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Data shows that many of the country’s largest downtowns have more residents now than before the pandemic, but residents alone can’t revitalize downtowns.
It will be a long time before people forget the eerie emptiness of city centers during the early months of the pandemic. Many then and now wondered if downtowns would ever recover from the exodus of residents and office workers, and from the shuttered retail shops and restaurants. But three years later, downtowns are inching toward recovery, and in many cases are home to more full-time residents today than before the pandemic.
The data from a new report refutes the urban exodus narrative of the last few years. To the contrary, the numbers show that in the second quarter of 2023, the median city residential population reached 111% of the pre-pandemic level, according to an analysis from Philadelphia’s Center City District. The report, which looks at anonymized location data from cellphones in 26 urban areas, found that in San Antonio, that figure hit 160%, while Boston sat at the low end of the spectrum with 96% of its pre-pandemic residential population.
“The continuing growth of downtown residential populations not only helps with the diversification of city center land-use and the reuse of older office and warehouse buildings,” the report says, “it also adds momentum to the return to office and support for all those jobs that rely on the presence of other workers.”
Indeed, residential recovery alone is not enough to return downtowns to their buzzy, vibrant pre-pandemic selves. Compared to workers and visitors, residents make up a small slice of people downtown on any given day. In 2019, residents in Portland, Oregon, Philadelphia, Seattle and San Francisco made up only between 11% and 13% of people downtown. In San Antonio, residents only accounted for 1% of people downtown.
When combining cumulative activity data on residents, workers and visitors, recovery rates are less robust, ranging from 69% of pre-pandemic activity in San Francisco to 100% in Nashville, Tennessee. Only Nashville and San Jose, California, which hit 92%, reached more than 90% of pre-pandemic activity.
But the report cautions cities against neglecting residents in their recovery plans. It’ll take a multifaceted approach to revitalize city centers, and housing is an essential part of the broader solution.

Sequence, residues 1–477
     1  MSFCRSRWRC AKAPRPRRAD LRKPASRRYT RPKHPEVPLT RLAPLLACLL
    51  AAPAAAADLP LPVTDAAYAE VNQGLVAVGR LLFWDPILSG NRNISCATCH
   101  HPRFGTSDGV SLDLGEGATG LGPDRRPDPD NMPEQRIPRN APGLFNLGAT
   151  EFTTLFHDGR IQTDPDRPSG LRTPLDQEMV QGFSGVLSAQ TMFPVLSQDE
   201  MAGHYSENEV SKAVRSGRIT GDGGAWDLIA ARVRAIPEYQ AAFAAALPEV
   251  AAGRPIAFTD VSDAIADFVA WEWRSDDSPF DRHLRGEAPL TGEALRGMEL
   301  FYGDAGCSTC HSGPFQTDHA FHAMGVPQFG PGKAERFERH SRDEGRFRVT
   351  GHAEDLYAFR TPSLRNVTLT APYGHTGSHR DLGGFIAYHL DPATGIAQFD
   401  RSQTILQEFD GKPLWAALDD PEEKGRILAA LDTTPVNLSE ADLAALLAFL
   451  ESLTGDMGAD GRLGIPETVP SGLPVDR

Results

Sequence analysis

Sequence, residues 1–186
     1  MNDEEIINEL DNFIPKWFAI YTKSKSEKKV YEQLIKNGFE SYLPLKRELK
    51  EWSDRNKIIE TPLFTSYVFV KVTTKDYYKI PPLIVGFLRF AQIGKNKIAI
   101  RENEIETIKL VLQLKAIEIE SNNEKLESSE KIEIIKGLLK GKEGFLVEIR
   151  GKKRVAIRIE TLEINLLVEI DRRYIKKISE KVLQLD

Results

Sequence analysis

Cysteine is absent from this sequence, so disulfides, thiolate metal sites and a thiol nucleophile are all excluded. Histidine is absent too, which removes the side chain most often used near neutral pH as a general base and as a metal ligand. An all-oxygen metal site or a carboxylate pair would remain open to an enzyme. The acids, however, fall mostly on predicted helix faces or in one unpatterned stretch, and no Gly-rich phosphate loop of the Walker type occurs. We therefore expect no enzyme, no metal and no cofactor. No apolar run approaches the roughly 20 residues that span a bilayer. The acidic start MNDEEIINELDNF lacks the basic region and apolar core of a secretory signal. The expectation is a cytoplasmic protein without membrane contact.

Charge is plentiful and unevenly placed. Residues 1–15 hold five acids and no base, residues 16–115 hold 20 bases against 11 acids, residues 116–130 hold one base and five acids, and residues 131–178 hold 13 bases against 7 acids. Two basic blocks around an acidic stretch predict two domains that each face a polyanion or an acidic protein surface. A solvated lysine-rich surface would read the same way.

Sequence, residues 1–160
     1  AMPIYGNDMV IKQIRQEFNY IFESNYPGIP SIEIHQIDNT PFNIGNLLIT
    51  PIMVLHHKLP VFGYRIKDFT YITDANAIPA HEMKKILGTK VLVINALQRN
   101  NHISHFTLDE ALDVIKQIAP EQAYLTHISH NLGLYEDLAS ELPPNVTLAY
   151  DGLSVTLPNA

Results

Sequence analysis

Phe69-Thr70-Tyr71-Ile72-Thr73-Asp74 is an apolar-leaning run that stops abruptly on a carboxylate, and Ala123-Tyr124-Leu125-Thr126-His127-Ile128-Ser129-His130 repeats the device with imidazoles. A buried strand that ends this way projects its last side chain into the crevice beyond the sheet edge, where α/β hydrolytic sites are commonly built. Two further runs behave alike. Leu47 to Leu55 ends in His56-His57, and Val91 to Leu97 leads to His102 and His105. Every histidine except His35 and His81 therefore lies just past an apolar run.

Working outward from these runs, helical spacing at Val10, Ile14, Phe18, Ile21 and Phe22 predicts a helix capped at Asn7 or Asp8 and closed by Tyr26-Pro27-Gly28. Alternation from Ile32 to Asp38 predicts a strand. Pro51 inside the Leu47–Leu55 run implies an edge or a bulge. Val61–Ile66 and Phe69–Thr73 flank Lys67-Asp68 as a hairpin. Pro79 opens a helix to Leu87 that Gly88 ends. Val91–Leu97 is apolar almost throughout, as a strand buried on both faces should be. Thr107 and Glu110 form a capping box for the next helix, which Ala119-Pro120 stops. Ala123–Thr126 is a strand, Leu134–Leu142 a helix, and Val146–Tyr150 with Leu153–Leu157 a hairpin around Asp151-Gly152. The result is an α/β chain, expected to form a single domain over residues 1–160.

“The more we offer flexible zoning or financial incentives to facilitate the transition from office and warehouse to hotel, apartment or dormitory, the sooner our downtowns will fully rebound,” the report states. Land-use diversification is also critical to recovery, and a mix of education, health care, residential, hotel and retail establishments will accelerate the return of vibrant downtowns.
The rise of remote work and vacant office spaces has put a spotlight on adaptive reuse, and communities nationwide are looking for ways to encourage commercial-to-residential conversions. The Biden administration is playing a role too, making billions available for such renovations. While these projects are a tool in addressing the nation’s housing shortage and contributing to downtown revitalization, “it will take an extraordinarily high number of new residents to compensate for any continuing absence of office workers.”
That’s where the importance of visitors becomes apparent.
Across the 26 cities, visitors comprised two-thirds of people downtown, underscoring the importance of developing downtown attractions. While local variations influence a city’s recovery, the report notes that “in general, cities that have strong overall recovery rates tend to have a robust leisure and hospitality industry … a lower dependence on certain industries like information technology and financial services … and a high downtown residential density, facilitating shorter commutes to work.”
As for workers coming back to downtowns, the median recovery rate was 65%. The cities with the lowest worker recovery rates—San Francisco, Portland, Denver and Seattle—are home to large tech companies that had been implementing remote work policies even before 2020. At 85%, San Antonio had the highest rate of worker recovery. There are several factors that could be behind the disparities in worker recovery rates, the report suggested, including the duration of local closure mandates during the pandemic and perceptions around public safety.
In addition to a global pandemic, 2020 ushered in a reckoning period during which police departments came under intense scrutiny. Many communities lost law enforcement personnel, both as a result from calls to defund the police and from those leaving the profession. This shift, combined with near-empty streets and shuttered businesses, made homelessness and addiction more visible in many communities and bolstered the perception that downtowns were unsafe.
Critically, a sense of safety is key to getting more residents, visitors and workers back downtown, the report notes. In a large business improvement district in Philadelphia, unarmed “community service representatives” coordinate with police officers to respond to calls. Violent crime this year was 5% below pre-pandemic levels. Similar offenses in other areas that don’t focus on community policing, meanwhile, saw sharp increases.
“Clean and safe downtowns were important before the pandemic and they are more essential now, with the added challenge of rethinking and rebuilding confidence in public safety programs,” the report states.